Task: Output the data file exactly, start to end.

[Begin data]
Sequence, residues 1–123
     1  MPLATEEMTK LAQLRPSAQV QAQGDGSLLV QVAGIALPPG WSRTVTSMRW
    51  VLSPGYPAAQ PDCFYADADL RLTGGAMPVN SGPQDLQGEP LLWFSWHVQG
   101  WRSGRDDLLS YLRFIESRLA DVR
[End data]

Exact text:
Sequence, residues 1–123
     1  MPLATEEMTK LAQLRPSAQV QAQGDGSLLV QVAGIALPPG WSRTVTSMRW
    51  VLSPGYPAAQ PDCFYADADL RLTGGAMPVN SGPQDLQGEP LLWFSWHVQG
   101  WRSGRDDLLS YLRFIESRLA DVR